BP's Russia problems mount with $3 bn claim
BP's problems in the high-stakes Russian oil market mounted Friday with news that a Siberian court had set a hearing into a $3 billion claim by a local shareholder against the British energy giant.
The long-anticipated announcement came in the wake of this year's failed bid by BP to strike an unprecedented share swap and joint Arctic oil exploration agreement with the Russian state-held giant Rosneft.
The May setback forced BP to reassess its growth strategy and jeopardized the health of TNK-BP -- the lucrative joint venture it created in Russia with a group of local tycoons in 2003.
The venture grew into one of the world's top 10 private oil companies on the back of a Kremlin decision to attract foreign majors into a Russian oil sector that was badly in need of new technology and direct investments.
But the high-profile venture hit turbulence as soon as the Kremlin decided to find a Western partner for an Arctic oil deal that could have potentially given BP access to some of the world's largest untapped reserves.
TNK-BP's four Soviet-born billionaires mounted a perilous but ultimately successful challenge to the Rosneft deal by arguing that they had a right of first refusal to any agreement BP struck in Russia.
The British firm lost its subsequent arbitration case and Rosneft -- which hoped to use the tie-up to become the world's largest oil firm by reserves -- walked away from the deal after refusing to work with its Russian rival.
BP has since officially given up on the Rosneft venture and is now facing the difficult task of resolving boardroom frictions at one of its most profitable foreign partnerships.
Those challenges multiplied when an unheralded minority TNK-BP shareholder named Andrei Prokhorov filed a damages suit earlier this year against BP executives Peter Charow and Richard Scott Sloan.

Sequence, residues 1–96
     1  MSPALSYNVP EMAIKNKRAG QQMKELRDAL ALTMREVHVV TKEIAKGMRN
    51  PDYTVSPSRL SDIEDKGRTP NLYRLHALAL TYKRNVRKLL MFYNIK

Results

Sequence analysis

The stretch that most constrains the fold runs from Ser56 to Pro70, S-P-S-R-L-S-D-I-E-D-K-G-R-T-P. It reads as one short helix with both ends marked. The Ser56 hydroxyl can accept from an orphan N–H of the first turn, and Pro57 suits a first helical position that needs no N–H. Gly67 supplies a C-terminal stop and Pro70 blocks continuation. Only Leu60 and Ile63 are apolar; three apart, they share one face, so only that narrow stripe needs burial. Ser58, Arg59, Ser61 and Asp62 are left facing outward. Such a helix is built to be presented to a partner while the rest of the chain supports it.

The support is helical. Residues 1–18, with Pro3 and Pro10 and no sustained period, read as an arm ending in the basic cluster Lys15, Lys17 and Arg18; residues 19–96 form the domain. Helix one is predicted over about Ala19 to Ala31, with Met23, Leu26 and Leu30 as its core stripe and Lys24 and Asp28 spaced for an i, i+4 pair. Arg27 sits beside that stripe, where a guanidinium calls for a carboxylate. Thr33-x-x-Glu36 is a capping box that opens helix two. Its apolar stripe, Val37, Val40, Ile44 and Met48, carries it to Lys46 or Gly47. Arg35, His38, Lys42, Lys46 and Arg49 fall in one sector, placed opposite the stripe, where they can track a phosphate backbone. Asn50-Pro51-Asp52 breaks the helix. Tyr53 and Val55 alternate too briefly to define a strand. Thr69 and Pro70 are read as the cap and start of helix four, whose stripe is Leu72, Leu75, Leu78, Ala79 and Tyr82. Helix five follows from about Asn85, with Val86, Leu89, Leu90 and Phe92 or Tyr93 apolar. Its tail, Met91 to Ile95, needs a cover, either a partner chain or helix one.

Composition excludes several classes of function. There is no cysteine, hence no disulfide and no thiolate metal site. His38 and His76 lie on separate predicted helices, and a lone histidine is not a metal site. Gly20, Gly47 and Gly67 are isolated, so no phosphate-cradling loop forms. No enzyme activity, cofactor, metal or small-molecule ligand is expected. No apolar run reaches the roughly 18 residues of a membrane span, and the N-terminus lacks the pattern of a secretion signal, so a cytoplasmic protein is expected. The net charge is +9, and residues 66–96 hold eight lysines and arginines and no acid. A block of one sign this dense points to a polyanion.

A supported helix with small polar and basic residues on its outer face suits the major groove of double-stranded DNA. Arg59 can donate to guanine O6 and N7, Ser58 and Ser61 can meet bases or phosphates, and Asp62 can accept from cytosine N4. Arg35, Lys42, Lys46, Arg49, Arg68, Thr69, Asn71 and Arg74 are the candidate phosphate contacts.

Prokhorov's attorneys argue that the two former TNK-BP Holding board members had to have known about BP's private negotiations with Rosneft.
The claim adds that their failure to report the talks back to TNK-BP caused the Russian venture 87 billion rubles ($2.97 billion) in losses from unrealised deals.
There has been no formal statement from BP about the Russian suit.
But a source at TNK-BP confirmed Russian press reports stating that a court in the Siberian region of Tyumen had scheduled an initial hearing for September 21.
The Vedomosti business daily said the court has already required the defendants to submit documents explaining their levels of responsibility and obligations to other shareholders.
Prokhorov holds only a tiny stake in TNK-BP and is widely believed to be acting in the interests of the tycoons who control the Russian half of TNK-BP.
The Russian group -- known collectively as AAR -- is also pursuing a simultaneous arbitration case in Stockholm that it hopes will be heard at the end of next month.
AAR hopes the arbitration panel will rule that BP breached the terms of its shareholder agreement -- a decision that could see TNK-BP file a multi-billion-dollar claim against the British firm in London.
Rosneft for its part is not expected to name a new Arctic partner until the end of the year at the earliest and is expected to address the issue at an extraordinary general meeting scheduled for September 13.
The Russian firm has already held formal Arctic talks with the Anglo-Dutch firm Shell and has reported fielding other offers.
© 2011 AFP